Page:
Israel now the Jew among nations, says Abe Foxman


National director of the Anti-Defamation League Abraham Foxman will be retiring soon but, true to form, the assertive 75-year-old is going out with a warning.

Looking back at his 50 years of service to the anti-hate watchdog, he said: "Fifty years ago, prognosticators said: 'Antisemitism, it's a historical fact of the past. You don't have to worry about it.' They said: 'In 50 years, Israel will be a normal nation among all the nations.' Boy, how wrong they were! Israel has become 'the Jew among the nations'."

Mr Foxman explained: "What everybody else can do, Israel can't do. Tell me a country in the world that can't decide its capital, has to defend its right to defend itself, has to deal with double and triple standards in terms of being told what it should do, how it should do it, who it can do business with, who it should play soccer with, what person can come and sing."

On Western Europe, Mr Foxman warned: "Today, it is a clear and present danger. We're getting close to a situation where Hitler will have a posthumous victory for a Judenrein [Jew-free] Europe, where Jews, for the first time, are thinking about exit strategies. Jews are removing their kippas. Kids are taking off their Stars of David."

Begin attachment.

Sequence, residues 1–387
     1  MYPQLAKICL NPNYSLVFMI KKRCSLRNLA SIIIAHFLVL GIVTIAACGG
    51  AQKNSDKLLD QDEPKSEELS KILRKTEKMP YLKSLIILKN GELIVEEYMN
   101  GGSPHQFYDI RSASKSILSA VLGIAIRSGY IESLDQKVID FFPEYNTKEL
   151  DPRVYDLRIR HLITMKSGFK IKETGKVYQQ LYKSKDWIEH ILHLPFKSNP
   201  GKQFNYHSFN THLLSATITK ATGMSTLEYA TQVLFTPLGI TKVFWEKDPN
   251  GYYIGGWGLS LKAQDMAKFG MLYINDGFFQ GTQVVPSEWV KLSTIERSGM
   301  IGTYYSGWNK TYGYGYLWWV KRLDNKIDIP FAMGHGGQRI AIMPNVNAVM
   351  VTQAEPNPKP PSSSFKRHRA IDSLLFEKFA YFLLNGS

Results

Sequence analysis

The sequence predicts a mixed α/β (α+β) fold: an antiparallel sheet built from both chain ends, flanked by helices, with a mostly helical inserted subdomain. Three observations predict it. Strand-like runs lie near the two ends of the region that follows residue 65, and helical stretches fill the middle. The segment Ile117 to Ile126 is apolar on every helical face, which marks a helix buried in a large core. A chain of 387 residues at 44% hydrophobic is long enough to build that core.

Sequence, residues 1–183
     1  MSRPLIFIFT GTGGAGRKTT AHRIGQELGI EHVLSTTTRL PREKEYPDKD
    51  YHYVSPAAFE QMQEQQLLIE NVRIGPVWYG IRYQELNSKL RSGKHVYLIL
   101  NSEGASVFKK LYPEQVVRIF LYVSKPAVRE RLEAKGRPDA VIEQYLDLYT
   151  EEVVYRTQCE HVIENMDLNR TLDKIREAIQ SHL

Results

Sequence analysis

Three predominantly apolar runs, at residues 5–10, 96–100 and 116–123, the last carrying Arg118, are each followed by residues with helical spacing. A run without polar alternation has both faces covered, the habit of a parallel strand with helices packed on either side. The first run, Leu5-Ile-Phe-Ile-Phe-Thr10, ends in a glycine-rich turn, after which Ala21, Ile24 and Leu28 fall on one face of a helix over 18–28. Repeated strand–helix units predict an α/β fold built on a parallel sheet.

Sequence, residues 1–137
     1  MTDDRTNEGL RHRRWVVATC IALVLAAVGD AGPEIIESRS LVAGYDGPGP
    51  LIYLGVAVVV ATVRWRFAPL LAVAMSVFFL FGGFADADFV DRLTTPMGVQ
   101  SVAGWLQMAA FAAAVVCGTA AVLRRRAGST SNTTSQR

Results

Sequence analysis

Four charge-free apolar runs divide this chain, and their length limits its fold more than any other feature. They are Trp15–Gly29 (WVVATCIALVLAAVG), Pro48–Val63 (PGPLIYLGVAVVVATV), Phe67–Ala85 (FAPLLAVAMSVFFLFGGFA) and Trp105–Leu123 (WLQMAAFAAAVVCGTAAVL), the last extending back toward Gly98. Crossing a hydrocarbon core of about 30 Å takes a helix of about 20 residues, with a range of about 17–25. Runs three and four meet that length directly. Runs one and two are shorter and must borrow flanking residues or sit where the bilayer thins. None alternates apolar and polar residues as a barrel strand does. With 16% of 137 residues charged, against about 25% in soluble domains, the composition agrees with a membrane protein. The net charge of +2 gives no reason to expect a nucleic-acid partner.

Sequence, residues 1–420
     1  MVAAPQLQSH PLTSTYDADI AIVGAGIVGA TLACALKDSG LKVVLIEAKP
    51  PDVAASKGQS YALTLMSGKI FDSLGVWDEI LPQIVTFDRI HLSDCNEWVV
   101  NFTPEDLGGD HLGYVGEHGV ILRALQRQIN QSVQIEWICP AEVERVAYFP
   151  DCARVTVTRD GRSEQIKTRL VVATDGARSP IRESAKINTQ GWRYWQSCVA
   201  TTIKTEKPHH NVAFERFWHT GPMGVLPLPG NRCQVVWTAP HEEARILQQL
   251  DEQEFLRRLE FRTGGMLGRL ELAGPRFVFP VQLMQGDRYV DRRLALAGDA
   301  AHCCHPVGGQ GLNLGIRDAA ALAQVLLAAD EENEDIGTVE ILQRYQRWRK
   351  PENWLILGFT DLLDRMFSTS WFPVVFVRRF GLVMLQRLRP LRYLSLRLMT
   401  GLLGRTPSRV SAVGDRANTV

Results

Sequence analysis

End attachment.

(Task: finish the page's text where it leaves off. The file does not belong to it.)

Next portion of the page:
Addressing Eastern Europe, Mr Foxman said: "There aren't that many Jews left; but antisemitism is still a growing phenomenon. There the governments are trying to keep antisemitism alive."

Mr Foxman said that America was "not immune. You may like the administration or not. But hey, this is the only country in the world that mandates ambassadors to report on antisemitism. Not only does America say Israel has a right to defend itself, it sends Israel the arms to defend itself while Europe won't even let the planes refuel when America sends arms to help Israel defend itself."

Mr Foxman pinpointed the organised US Jewish community as the pivotal difference. "The American Jewish community in 1945 was gornicht ["nothing" in Yiddish]. It didn't have a voice. Today, we are a community that has influence."

Mr Foxman added: "As a survivor I believe in 'never again', and survivors say 'never again'. But they're not really sure that it's 'never again'."

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